Vol. 80, No. 9, September 2007
John Adams, Clarence Darrow, Lloyd Paul Stryker, Joseph Welch, Atticus Finch, and all of you. What do you have in common? You are all lawyers. I could go on and on, naming presidents, politicians, diplomats, business leaders, and community leaders; all of them, lawyers.
We all can think of lawyers who stood up to tremendous pressures and who took considerable personal risk to do what their oaths required them to do, including:
- John Adams' defense of the British Captain Thomas Preston after the Boston Massacre;
- Clarence Darrow's defense of Leopold and Loeb charged with the murder of Bobby Franks; and his defense of John Scopes, the Tennessee high school biology teacher who had committed the crime of teaching the theory of evolution;
- Lloyd Stryker's defense of Alger Hiss;
- Joe Welch's confronting of Sen. Joseph McCarthy; and
- the fictional Atticus Finch's defense of a black man accused of raping a white girl.
Why the history lesson? I began thinking about it when a Wisconsin legislator recently came up with the ridiculous proposal to eliminate state funding of the U.W. Law School (even more ridiculous, of course, is that he was able to persuade several other legislators to agree). The school isn't needed he claimed, because the state has too many ambulance-chasing lawyers who offer nothing to society. As your president, I immediately issued a response, but when I sat down to write this month's column, I decided that more needed to be said. I decided that instead of remaining silent, we need to stand up for our profession.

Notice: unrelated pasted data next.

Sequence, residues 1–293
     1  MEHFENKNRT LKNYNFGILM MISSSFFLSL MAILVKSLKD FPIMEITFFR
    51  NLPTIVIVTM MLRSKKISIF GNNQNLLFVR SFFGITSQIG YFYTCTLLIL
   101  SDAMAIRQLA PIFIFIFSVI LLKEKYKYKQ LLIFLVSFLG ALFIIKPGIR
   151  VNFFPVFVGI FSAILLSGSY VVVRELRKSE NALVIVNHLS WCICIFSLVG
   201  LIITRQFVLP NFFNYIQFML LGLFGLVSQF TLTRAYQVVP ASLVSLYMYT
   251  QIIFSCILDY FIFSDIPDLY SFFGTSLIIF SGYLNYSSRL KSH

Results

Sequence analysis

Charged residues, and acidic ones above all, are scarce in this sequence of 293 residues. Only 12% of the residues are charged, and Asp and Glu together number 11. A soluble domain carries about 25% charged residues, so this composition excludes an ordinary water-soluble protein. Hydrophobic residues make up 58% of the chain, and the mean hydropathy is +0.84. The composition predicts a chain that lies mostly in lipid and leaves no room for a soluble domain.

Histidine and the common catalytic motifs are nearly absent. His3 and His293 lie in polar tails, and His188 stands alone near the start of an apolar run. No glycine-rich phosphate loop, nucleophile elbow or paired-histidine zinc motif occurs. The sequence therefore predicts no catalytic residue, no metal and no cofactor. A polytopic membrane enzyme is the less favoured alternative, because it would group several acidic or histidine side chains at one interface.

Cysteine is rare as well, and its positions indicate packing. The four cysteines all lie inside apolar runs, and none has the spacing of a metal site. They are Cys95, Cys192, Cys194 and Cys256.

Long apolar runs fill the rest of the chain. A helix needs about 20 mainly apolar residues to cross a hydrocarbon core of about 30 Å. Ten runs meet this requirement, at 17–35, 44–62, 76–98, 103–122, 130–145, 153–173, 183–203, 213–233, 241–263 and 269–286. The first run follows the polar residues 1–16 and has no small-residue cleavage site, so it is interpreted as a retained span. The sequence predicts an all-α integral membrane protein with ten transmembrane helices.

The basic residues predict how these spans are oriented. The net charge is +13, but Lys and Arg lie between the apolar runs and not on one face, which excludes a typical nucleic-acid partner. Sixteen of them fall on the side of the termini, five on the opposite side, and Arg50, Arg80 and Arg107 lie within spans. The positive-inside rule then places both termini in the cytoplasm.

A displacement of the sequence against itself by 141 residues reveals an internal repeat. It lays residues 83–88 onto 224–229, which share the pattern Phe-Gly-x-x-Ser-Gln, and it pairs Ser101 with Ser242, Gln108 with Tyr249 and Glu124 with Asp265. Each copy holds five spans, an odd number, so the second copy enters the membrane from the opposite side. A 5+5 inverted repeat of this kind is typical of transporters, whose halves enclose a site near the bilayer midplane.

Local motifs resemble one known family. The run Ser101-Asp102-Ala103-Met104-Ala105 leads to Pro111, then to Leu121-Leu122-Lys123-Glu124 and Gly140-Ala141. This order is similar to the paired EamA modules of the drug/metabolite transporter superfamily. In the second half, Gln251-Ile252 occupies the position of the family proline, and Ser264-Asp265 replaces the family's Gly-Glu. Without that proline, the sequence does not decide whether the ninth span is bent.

Frankly, I'm tired of hearing ignorant, poorly informed people taking pot shots at our profession. They forget that we live in a democracy that is totally dependent on the rule of law. They forget the essential role attorneys have played in America since colonial days and the important role they continue to play. They forget that lawyers have long been recognized as the firefighters who put out the brush fires of our society. Shakespeare got it right in Henry VI, part 2, when he wrote that the best way to create chaos and spread tyranny throughout the land was to kill all of the lawyers.
I'm sure you're asking, so, Basting, what can we do about it? A public relations campaign to improve the image of lawyers would be a waste of money, in my opinion. However, educating the public about the importance and value of the legal system will be a tremendous step forward, and that is exactly what the State Bar's strategic plan calls for over the next five years. You can help. Last month I told you that I would be talking to you about our responsibilities as lawyers. One of those responsibilities is to do whatever you can to help educate the public. Get involved in your communities; get involved in the High School Mock Trial Program; accept invitations to speak to service clubs about the legal system and its importance. Talk to your political representatives and remind them of the value and importance of the legal system. Write an op-ed piece for your local newspaper. Stand up for your profession.
And remember to be kind to each other. Civility does pay dividends.